While professional engineers have achieved moderate remuneration growth this year, they continue to grow ahead of many other professions and keep in front of CPI.
The Professional Engineers Remuneration Survey Report has found that engineers experienced an average growth in salary of 3.3 per cent for the twelve months to June 2014, down slightly from growth of 3.8 per cent at the same time last year.
Across the year to June 2014, the Australian Bureau of Statistics Consumer Price Index (CPI) rose by 2.9 per cent and the Wage Price Index (WPI) rose by 2.6 per cent – placing engineering wage growth ahead of the economy and other workers.
Professionals Australia CEO Chris Walton said that the results showed the impact of the mining boom easing and the slowdown in the manufacturing sector.
The Professional Engineers survey involved over 1,700 engineers across more than 20 sectors of the economy, and is the largest salary survey of engineers of its type in Australia.
Mr Walton said that the report was a “vital” tool for professional engineers approaching or preparing for a salary review.
“This report provides members with detailed information on what they should be earning based on their experience, their sector and their industry. It is a comprehensive guide that looks at all aspects of what goes into a remuneration package and is simply a must-read, before you begin negotiating your next salary review,” said Mr Walton.
This year’s report reveals that engineers in oil and gas exploration achieved increases of 4.9 per cent – the highest of all engineer groups. However, interestingly there was a significant drop for engineers in the mining sector, who received increases of 3.2 per cent this year, down from 4.5 per cent from 2013.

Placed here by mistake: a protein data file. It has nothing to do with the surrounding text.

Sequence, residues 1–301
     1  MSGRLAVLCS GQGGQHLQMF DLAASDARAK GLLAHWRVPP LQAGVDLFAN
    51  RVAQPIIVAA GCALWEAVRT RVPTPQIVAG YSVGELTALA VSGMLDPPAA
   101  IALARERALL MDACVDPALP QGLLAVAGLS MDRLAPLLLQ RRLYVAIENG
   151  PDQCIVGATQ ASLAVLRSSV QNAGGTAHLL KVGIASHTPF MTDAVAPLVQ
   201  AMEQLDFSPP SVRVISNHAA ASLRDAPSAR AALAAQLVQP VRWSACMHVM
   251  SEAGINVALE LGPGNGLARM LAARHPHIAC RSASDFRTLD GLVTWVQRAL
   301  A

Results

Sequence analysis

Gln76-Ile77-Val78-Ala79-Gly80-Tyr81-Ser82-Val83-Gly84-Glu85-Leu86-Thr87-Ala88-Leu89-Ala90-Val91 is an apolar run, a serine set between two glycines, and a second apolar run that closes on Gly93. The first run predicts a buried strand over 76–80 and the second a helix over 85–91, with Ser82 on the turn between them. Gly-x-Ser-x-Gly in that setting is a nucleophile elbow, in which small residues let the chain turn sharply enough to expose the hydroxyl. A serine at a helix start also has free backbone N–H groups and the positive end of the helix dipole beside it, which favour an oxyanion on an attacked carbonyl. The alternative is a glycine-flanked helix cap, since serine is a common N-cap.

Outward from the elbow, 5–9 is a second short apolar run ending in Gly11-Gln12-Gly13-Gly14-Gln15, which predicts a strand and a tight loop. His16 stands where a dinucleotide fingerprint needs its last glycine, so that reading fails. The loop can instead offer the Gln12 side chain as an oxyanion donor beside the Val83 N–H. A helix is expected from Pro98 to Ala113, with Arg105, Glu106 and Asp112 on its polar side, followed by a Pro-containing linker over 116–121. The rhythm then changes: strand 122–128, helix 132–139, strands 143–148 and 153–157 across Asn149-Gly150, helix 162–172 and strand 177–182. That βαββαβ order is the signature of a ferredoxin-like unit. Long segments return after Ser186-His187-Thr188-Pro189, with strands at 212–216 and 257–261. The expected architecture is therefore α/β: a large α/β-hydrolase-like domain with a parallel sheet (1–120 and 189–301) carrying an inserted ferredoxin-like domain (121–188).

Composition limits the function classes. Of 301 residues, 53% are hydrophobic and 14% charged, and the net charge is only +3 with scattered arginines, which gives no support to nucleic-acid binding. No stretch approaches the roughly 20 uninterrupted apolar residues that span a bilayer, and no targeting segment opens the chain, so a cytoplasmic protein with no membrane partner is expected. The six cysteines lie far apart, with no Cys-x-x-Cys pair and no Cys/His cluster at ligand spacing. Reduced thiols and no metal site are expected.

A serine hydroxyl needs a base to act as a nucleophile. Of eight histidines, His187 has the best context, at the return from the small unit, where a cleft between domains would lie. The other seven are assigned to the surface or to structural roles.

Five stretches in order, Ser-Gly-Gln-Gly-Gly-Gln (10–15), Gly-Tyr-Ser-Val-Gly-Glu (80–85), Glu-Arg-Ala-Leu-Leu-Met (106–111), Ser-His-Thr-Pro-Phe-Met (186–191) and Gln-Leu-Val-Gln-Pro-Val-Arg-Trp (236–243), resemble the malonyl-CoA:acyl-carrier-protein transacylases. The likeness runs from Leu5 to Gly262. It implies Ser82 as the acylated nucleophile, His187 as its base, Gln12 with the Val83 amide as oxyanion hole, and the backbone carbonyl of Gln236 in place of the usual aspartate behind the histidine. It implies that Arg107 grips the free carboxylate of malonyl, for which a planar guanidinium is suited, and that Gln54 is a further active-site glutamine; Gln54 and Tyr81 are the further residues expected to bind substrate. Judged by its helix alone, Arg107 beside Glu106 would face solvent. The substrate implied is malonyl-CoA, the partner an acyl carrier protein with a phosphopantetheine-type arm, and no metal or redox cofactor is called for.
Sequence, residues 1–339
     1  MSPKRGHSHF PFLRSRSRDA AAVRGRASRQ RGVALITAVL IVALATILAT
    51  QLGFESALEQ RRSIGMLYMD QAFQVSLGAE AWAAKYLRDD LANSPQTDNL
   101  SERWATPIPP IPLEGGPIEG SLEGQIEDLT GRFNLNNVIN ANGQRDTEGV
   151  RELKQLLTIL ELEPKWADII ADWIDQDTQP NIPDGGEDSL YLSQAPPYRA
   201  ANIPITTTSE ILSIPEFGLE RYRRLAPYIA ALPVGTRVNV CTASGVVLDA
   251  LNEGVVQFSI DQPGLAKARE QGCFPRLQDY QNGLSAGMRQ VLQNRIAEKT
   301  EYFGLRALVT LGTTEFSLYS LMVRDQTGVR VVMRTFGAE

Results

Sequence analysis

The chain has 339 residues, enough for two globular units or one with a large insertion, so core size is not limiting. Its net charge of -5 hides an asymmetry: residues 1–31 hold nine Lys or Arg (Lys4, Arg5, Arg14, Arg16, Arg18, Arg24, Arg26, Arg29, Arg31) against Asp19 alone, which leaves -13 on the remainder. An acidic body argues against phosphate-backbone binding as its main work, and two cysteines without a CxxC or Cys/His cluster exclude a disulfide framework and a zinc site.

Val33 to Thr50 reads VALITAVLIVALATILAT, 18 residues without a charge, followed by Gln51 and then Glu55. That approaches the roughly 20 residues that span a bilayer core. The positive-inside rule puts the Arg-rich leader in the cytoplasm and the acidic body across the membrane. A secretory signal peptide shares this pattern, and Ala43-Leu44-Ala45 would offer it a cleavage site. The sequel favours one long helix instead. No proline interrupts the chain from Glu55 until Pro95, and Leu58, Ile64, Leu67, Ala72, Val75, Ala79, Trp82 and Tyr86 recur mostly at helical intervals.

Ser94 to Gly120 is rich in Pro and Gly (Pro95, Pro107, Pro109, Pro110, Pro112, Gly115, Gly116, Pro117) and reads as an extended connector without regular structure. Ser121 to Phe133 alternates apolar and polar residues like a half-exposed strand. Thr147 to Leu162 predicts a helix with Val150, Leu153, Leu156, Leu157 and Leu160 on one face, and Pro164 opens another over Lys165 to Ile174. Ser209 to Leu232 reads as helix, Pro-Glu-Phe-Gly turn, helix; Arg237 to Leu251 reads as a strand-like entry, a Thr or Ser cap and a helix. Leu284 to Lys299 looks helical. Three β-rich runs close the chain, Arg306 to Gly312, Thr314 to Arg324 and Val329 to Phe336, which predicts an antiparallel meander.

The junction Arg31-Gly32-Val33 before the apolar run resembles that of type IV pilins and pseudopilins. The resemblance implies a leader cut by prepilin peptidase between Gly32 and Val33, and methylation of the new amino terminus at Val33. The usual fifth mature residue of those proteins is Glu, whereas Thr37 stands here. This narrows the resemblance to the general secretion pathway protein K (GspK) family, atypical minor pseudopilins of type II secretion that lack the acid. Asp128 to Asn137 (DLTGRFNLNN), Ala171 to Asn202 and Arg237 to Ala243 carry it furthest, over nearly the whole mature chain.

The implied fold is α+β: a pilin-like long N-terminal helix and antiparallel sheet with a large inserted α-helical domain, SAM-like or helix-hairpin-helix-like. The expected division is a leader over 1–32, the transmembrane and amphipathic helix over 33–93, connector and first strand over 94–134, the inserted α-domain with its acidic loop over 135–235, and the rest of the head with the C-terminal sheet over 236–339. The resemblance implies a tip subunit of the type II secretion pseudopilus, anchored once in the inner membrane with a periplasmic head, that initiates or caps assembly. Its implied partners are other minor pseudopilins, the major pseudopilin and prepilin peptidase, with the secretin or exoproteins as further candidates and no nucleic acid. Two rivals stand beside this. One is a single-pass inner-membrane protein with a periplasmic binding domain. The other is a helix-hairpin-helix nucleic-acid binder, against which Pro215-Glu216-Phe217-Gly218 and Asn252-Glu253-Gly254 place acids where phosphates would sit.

There was an interesting trend that showed engineers in consulting actually achieving the lowest increases of all groups at 2 per cent. This can be attributed to the increasing movement of engineers from the public sector into private consulting.
Surprisingly there was very little difference in the salary increases between public sector engineers (3.4 per cent) and those working in the private sector (3.3 per cent) which traditionally provides much greater average salary increases, except at the depths of the Global Financial Crisis when private sector engineers were 1.2 percentage points worse off.
Increases in key industries included: Water – 3.6 per cent; Construction – 3.5 per cent; Energy – 3.5 per cent; Defence – 3.5 per cent; Mining – 3.2 per cent; and Communication – 3.0 per cent.
This survey also revealed that graduates typically start out earning $73,197, yet the most senior engineers report earning an average of $269,000.
Graduate salaries in the most common sectors were very close with those starting in the private sector earning the most at $59,500, state public servants earning $57,500 and local government engineers starting at $55,000.
Members wishing to examine the complete report, with comparative data and detailed analysis of all sectors and responsibility levels, can find out more here.